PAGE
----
Black Panther is a difficult film to write about. If I am candid, it is impossible to be objective about it emotionally, but that is what the very best films do. They find a way to violate the natural space between your emotions and a bunch of images projected onto a screen.

I think the key question for any artist that creates anything of meaning, is ‘why does this exist?’ It’s easy to make a movie where a guy in a costume punches a bunch of people and overcomes an obstacle, Warner Brothers has made quite a few of them by my count. But for people to remember what they saw once they left the theater, it has to mean something. Black Panther has more meaning than almost any other Marvel movie ever made. (Guardians of the Galaxy 2 is a very underrated and potent exploration of the relationship between fathers and sons, and Spiderman 2 was an incredible teenage drama.)

It’s an exceptional movie for three reasons: because of the current environment, because of it’s unique status, and because of the way it surpasses what a superhero film is supposed to be.

Not to put too fine a point on it, but this is a very scary time in America for some people. The consensus opinion for minorities and many women is fear that the current administration is either indifferent to, or actively participating in aggressive white nationalism and thuggish patriarchy. Jordan Peele’s Get Out, a low budget B movie about brain swapping is up for multiple Oscars because it captures this current environment of fear perfectly. Writers Ryan Coogler and Joe Robert Cole address this issue superbly in Black Panther, clearly working the motif that petty rulers isolate, and great ones unite. Without being specific, it deftly handles everything that bothers all of us, black, white or other.

Black Panther is distinct, not just among comic movies, but in action/adventure films in general. There is a rather myopic idea that comic book movies are a recent boom, in fact, many of the articles I read worry about oversaturation of the genre. But comic book movies started with serial films all the way back to the 1930’s and some characters like Dick Tracy, Flash Gordon, The Shadow, Buck Rogers, Captain Marvel, The Spider, Batman, Superman, and Brenda Starr all have varying degrees of relevance even now. Given so much history, it’s very difficult to make a film stand out, in fact for years, Marvel was dogged by criticism that all of its films were too similar.


But conceptually and visually, Director Ryan Coogler and Cinematographer Rachel Morrison created an Africa we’ve never seen before. Most movies don’t tend to have black leads, and few are set in Africa. Films that are set in Africa usually fixate on primitive tribal aspects, or some countries documented problems with poverty and violence. But Black Panther shows us the beauty of the natural landscape and horizon and then completely subverts it with an Afro-futurist Wakanda, technologically advanced, but still distinctive and colorful. The tribal conflicts are updated, and made compelling in a way they never were. I’ve heard it described as Shakespearean and I was reminded of the House of York and the House of Lancaster as I watched the various interactions.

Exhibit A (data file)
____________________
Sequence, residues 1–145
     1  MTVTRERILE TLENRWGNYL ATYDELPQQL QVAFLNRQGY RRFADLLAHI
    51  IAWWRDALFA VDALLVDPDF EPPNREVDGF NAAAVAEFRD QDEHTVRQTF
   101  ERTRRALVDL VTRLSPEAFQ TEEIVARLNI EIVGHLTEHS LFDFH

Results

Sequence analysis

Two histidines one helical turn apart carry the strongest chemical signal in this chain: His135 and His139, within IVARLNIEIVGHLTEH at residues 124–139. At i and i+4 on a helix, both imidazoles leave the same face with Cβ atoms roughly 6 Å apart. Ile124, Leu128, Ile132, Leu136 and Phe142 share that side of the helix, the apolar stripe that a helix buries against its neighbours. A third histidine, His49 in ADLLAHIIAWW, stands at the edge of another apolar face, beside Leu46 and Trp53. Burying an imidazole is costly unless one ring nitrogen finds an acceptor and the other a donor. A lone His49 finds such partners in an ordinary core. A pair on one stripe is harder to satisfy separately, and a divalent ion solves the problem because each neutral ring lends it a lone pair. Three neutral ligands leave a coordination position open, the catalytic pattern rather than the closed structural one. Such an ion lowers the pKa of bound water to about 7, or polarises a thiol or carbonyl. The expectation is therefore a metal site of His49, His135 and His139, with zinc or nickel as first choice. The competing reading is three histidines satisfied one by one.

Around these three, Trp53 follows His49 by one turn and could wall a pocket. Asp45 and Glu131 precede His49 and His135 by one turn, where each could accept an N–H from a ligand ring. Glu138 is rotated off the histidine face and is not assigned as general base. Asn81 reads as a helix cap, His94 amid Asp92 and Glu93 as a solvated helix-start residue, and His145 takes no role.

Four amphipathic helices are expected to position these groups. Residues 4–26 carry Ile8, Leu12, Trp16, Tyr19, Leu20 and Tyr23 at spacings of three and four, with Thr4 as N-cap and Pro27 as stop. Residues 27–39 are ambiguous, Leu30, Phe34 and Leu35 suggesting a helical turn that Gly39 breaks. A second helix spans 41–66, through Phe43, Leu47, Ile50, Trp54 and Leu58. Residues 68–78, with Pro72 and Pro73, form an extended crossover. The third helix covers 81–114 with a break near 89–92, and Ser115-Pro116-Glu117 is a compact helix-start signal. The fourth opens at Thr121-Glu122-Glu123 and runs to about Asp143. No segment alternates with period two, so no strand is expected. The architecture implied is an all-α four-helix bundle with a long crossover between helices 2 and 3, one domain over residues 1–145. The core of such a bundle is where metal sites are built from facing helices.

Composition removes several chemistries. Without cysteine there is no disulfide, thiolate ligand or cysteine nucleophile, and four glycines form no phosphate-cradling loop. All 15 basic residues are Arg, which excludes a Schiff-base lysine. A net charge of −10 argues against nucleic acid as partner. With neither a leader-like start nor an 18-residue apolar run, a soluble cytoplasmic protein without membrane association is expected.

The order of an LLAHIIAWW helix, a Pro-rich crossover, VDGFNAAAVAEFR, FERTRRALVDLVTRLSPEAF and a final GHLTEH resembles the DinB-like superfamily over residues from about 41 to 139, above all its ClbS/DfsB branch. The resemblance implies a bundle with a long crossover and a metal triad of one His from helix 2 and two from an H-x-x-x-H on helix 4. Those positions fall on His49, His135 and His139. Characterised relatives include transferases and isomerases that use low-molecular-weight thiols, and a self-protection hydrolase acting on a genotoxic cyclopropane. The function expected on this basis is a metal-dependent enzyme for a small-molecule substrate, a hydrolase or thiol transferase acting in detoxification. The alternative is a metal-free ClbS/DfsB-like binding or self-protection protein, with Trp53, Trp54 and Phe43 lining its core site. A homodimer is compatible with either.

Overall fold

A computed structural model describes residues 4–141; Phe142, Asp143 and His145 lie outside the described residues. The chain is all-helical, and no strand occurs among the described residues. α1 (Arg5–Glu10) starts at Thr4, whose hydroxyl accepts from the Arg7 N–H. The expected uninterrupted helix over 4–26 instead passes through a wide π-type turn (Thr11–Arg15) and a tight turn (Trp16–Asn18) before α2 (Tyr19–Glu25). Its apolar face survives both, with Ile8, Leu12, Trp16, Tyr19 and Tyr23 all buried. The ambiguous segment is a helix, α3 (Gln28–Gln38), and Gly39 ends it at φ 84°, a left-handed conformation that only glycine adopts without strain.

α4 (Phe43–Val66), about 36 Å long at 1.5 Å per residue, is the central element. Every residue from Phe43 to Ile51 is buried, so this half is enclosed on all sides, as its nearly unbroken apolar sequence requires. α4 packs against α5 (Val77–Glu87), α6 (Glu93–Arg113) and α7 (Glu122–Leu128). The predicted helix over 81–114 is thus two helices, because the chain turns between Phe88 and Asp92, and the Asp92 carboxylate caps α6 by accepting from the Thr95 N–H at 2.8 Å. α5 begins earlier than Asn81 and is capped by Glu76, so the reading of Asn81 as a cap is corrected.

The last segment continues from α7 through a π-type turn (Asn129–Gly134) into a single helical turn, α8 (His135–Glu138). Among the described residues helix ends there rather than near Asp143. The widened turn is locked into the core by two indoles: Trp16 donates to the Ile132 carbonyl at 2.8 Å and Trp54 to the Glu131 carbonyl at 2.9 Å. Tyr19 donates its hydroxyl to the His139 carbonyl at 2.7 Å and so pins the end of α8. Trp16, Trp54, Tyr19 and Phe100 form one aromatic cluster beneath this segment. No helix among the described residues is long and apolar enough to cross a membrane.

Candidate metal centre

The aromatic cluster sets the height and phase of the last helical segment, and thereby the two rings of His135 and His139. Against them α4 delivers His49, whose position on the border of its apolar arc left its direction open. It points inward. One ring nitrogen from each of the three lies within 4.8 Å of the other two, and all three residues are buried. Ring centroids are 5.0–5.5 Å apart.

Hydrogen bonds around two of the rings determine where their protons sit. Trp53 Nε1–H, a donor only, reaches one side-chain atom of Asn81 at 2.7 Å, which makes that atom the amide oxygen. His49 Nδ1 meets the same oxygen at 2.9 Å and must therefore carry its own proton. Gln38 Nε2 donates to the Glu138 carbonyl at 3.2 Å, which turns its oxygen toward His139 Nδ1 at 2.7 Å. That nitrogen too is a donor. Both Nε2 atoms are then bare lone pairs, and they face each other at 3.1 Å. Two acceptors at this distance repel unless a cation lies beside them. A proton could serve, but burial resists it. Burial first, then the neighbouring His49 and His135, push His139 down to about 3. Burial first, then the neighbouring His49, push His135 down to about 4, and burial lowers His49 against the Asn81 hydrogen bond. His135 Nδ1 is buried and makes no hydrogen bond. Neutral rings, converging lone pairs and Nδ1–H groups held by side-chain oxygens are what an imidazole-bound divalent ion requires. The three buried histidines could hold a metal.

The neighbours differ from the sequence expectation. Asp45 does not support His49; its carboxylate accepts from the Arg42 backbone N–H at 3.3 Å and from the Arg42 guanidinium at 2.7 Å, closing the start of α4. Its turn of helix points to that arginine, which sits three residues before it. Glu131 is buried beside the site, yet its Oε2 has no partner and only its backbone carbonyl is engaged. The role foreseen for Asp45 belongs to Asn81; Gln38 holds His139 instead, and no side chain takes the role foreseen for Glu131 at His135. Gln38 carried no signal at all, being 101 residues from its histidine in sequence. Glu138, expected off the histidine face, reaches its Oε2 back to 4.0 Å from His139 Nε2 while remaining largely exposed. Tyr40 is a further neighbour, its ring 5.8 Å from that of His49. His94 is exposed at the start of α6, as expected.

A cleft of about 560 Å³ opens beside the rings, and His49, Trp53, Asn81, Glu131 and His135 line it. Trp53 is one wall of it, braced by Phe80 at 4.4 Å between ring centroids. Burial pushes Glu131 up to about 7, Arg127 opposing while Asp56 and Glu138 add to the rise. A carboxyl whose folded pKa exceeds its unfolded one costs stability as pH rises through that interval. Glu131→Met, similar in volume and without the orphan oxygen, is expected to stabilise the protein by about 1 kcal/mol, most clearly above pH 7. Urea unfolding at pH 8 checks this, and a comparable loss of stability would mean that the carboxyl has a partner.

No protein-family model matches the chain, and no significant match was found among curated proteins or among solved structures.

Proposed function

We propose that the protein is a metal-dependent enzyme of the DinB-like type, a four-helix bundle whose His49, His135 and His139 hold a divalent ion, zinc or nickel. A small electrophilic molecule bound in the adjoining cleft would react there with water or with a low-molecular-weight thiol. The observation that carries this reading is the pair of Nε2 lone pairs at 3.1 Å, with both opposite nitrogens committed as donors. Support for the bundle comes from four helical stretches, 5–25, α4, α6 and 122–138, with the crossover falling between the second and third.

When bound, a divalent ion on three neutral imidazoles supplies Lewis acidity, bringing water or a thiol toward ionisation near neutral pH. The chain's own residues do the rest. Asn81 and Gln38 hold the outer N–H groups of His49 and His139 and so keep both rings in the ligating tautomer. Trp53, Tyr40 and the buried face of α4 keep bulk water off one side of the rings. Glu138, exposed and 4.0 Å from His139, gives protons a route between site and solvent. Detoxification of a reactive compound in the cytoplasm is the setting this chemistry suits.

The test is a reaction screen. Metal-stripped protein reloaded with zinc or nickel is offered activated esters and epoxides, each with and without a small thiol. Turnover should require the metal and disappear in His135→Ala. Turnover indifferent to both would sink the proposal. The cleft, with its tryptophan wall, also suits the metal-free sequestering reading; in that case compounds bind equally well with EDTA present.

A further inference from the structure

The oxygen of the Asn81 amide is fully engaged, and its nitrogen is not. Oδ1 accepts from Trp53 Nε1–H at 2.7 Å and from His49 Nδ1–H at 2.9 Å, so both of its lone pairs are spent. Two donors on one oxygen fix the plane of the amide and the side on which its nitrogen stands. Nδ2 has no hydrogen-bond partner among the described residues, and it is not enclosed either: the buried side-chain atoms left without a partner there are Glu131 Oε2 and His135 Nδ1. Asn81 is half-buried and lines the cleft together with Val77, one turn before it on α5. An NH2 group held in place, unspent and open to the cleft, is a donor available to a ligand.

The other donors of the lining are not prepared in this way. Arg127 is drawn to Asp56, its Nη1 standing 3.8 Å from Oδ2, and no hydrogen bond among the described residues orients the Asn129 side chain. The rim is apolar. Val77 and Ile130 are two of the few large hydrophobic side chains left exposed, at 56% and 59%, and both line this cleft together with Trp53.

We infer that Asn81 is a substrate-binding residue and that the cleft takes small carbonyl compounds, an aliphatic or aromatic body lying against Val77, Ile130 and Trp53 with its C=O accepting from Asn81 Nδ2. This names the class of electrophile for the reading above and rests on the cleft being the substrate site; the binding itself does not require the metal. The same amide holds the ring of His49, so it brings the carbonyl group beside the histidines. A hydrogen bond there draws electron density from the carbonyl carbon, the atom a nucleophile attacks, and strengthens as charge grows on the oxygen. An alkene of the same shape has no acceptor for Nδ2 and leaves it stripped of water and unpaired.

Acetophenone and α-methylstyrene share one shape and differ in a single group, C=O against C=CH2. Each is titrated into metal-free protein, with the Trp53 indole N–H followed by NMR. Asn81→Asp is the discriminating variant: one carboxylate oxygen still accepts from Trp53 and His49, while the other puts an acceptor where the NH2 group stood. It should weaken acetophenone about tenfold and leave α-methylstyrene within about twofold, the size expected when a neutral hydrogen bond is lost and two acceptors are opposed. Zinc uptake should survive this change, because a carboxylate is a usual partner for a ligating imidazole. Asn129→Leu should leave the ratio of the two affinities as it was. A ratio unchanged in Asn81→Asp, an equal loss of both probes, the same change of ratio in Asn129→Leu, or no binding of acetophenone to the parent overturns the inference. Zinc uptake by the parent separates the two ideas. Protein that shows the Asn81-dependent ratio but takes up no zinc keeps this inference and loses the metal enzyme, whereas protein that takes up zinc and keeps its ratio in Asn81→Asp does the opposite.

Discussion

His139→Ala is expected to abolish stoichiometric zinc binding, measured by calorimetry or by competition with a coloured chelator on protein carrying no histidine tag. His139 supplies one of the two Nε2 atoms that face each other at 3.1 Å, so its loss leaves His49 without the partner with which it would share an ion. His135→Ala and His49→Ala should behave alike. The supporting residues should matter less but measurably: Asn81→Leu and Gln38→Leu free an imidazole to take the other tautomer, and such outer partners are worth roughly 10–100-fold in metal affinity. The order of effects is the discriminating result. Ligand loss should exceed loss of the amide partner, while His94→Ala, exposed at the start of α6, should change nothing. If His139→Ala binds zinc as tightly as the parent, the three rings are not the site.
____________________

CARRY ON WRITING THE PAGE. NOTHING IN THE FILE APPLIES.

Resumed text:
Wakanda is a potent idea as well. African-Americans are a dispossessed people, with no records of family or ancestry because of slavery, they have no real homeland, after all, Africa is a continent, and not a homogeneous one.  Black people cannot simply go back to Africa, as there are 54 countries there that compose it. Because of tribal conflicts, Africans sold others into slavery, and made no attempt to rescue or wage war on the nations that kidnapped its citizens. Centuries later, some African views Black Americans as inferior, because of their mixed heritage and troubles in social progress. Black Panther is the first mainstream movie that has ever understood and addressed those tensions. Chadwick Boseman’s King T’Challa is an isolationalist, as per tradition, but Michael B. Jordan’s electric performance as Erik Killmonger feeds into the emotional pain of most American blacks, and asks questions I’ve never seen before.

Why didn’t you help us? Where have you been?


Wakanda gives everyone a homeland, a place where everyone carries themselves with dignity, where they are given respect, where women are warriors and scientists, where art is integrated seamlessly with technology. Wakanda has used its natural resources wisely to propel itself to a world leading nation. It is everything that Africa could have been.


But none of this matters if this wasn’t a good film, and more than anything it is a good film. It is not just a superhero film, it surpasses the genre to be a great film period. It’s genuinely gripping and exciting with not a bad performance in the lot, while being effectively humorous at the right points. I believe that the last year marks the point when Marvel stopped making comic book movies and simply made movies.

Finally, it’s worth mentioning that these might have been some of the most impressive reimaginings of comic book characters I’ve ever seen. When this movie was announced the idea that the villains would be Man-Ape, Eric Killmonger and Klaw it seemed extremely unimpressive, especially Marvel Studio’s long standing villain problem. And somehow they took these utterly improbable characters and made this work onscreen.

Seriously. This is M’Baka in the comics.

Black Panther is a must watch film. I cannot put it more plainly than that.


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